BSU and Umoja host black art showcase of artists across Spokane

by Cambria Pilger | Staff Writer

A crowd of 40-50 people gather downstairs in the Lied Center for the Visual Arts. Rows of chairs line the outside of the showcase room for spectators. The walls inside the space are embellished with 17 art pieces, including one stand near the middle of the room. Each wall is composed of hues of purple, black, green, blue and pink, which blend together to light up the space.

The question, “What are the words on your heart?” covers the top corner of one wall, among other poems, paintings and mixed media pieces, all from all different black artists in Spokane. Some of the artists represented are students from Whitworth, while others come from different colleges and high schools and still others are professional artists. 

The black art showcase was hosted by the Black Student Union (BSU) and Umoja as a way “to create a platform for black artists in the Spokane area to share their art,” sophomore Taylor Pannell said. She is the exhibition curator and a member of BSU’s leadership. She also displayed one of her own paintings in the gallery.

This was the first art exhibition Pannell has curated. Throughout the past year, she found the artists through Terrain (a local non-profit aimed toward “artists, makers and culture creators,” according to their website), Shades of Me (a collective of diverse artists in the Inland Northwest) and various interactions.

The showcase took place on Saturday, Feb. 29. The art will be in the student critique room in Lied Art Center until Saturday, March 7, at the least, Pannell said.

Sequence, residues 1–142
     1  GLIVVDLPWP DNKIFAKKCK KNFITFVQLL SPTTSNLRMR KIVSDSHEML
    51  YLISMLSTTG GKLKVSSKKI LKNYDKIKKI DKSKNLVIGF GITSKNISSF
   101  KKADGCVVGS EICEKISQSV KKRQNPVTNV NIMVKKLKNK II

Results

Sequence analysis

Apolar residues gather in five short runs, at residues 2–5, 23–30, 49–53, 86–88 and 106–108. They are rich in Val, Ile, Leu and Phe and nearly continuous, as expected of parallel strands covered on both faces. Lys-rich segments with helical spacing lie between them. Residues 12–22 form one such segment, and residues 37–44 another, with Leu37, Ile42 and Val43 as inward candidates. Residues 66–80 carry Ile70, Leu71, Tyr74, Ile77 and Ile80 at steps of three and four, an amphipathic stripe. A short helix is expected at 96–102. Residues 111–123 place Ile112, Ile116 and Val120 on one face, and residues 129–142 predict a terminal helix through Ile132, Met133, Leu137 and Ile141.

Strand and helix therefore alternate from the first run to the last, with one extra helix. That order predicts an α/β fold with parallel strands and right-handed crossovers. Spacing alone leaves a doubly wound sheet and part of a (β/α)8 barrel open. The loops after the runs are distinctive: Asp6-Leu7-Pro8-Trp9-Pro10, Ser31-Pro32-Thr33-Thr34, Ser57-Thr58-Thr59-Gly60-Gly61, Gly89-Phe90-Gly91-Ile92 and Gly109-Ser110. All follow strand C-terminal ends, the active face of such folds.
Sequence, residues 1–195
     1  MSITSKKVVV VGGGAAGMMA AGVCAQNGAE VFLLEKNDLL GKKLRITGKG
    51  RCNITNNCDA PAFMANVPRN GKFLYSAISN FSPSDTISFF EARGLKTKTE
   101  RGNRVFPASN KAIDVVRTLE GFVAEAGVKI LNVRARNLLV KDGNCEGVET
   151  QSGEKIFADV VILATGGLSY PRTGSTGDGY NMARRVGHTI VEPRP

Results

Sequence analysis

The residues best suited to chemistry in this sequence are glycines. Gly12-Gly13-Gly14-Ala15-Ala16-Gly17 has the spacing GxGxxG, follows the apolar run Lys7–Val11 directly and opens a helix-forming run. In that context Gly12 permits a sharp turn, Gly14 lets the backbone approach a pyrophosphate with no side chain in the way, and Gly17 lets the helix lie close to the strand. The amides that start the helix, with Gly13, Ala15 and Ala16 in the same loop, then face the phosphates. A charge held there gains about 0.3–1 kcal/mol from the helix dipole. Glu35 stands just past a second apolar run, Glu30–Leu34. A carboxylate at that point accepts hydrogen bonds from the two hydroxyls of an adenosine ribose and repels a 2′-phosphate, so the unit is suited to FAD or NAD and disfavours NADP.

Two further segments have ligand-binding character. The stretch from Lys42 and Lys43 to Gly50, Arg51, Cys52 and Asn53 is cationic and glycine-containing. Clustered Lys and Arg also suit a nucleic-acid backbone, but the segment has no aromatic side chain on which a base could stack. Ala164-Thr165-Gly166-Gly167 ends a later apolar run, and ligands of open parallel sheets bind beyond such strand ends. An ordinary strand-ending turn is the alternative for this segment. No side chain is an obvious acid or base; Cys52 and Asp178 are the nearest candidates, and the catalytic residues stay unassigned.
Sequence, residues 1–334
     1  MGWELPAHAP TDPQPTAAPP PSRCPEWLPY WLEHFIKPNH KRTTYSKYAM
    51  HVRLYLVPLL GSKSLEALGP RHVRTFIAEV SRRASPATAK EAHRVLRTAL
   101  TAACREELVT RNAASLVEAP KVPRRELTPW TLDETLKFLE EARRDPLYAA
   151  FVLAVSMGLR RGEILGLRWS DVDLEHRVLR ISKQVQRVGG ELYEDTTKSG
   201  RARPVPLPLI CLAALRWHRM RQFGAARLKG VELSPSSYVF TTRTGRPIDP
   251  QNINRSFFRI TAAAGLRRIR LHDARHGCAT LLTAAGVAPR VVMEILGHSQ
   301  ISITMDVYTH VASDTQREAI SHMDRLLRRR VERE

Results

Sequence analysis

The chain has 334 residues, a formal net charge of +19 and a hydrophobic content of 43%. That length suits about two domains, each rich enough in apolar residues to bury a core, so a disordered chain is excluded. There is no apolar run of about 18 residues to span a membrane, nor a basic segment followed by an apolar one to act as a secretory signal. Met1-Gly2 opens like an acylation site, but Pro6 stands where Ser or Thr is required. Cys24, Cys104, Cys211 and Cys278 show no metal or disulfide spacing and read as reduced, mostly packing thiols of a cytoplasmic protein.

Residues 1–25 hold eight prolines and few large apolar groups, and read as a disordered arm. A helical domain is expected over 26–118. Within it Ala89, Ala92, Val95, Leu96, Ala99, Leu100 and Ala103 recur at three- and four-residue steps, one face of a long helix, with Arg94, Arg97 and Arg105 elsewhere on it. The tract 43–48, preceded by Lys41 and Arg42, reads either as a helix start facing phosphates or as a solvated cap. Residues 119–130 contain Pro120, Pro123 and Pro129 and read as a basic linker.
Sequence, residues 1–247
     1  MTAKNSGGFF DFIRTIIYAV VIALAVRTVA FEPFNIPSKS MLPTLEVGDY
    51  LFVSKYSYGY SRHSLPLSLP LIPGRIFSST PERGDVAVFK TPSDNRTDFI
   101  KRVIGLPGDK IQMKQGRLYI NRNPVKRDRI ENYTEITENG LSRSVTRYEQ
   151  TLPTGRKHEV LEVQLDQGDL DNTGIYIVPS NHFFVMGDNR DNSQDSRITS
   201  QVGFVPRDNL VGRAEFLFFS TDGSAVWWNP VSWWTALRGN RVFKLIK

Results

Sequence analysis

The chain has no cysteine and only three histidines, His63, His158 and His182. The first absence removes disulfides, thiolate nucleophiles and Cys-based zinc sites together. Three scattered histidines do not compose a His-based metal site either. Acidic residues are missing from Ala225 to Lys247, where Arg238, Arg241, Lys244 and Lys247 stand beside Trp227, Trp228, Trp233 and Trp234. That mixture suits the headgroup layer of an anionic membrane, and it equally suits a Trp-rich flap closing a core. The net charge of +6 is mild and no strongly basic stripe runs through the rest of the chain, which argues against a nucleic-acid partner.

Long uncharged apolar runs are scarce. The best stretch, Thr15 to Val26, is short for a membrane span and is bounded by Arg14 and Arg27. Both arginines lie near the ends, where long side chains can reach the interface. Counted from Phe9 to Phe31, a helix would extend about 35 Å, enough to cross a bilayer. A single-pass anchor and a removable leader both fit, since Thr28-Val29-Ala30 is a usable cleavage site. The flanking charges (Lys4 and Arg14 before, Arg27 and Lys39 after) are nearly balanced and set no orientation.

“It’s really exciting because it [was] a vision of mine for a while, and now it’s here,” Pannell said. 

Pannell has wanted to do an event like this since the beginning of the year. Through the exhibition, she hopes people gain appreciation and respect for what it takes to be a black artist, she said.

Visitors had the opportunity to speak to the artists and look at their work, and there were three groups of performances. One of the students who performed was freshman Dollar Ganu, a psychology and art history major. She shared a poem she wrote about black hypermasculinity that stemmed from research she recently did.

“I think a lot of my poems have to do with social justice,” Ganu said.

 She often performs her pieces at different events around Spokane, including Whitworth.

Ganu also sang in a duet with sophomore Munya Fashu-Kanu, who is a leadership member of BSU and helped with communication for the exhibition. They performed “FourFiveSeconds” by Rihanna, Kanye West and Paul McCartney. Fashu-Kanu said they chose this song because it is a collaboration between musicians, of whom two are black.

“I’m really glad that I could sort of expand the borders of what art is,” Fashu-Kanu said. 

Since most of the artwork at the show was visual, performing a song rounded out the exhibition with another type of art while connecting with Fashu-Kanu’s music studies and passions.

Samuel Rain Benjamin (who goes by the stage name Complicated Passions) was one of the poets who displayed their work at the show. He has written 16 books and performed them across the country. At the reception, he read a few poems, most of which were about love.

“I wanted to let the young people know that love is still real,” Benjamin said. 

He said he mostly writes love poems because it is an important topic that young people today don’t understand in the same way their grandparents did.

The black art showcase was a way to celebrate Black History Month and recognize black artists in the Spokane community, Fashu-Kanu said. It was one of a few upcoming events by BSU.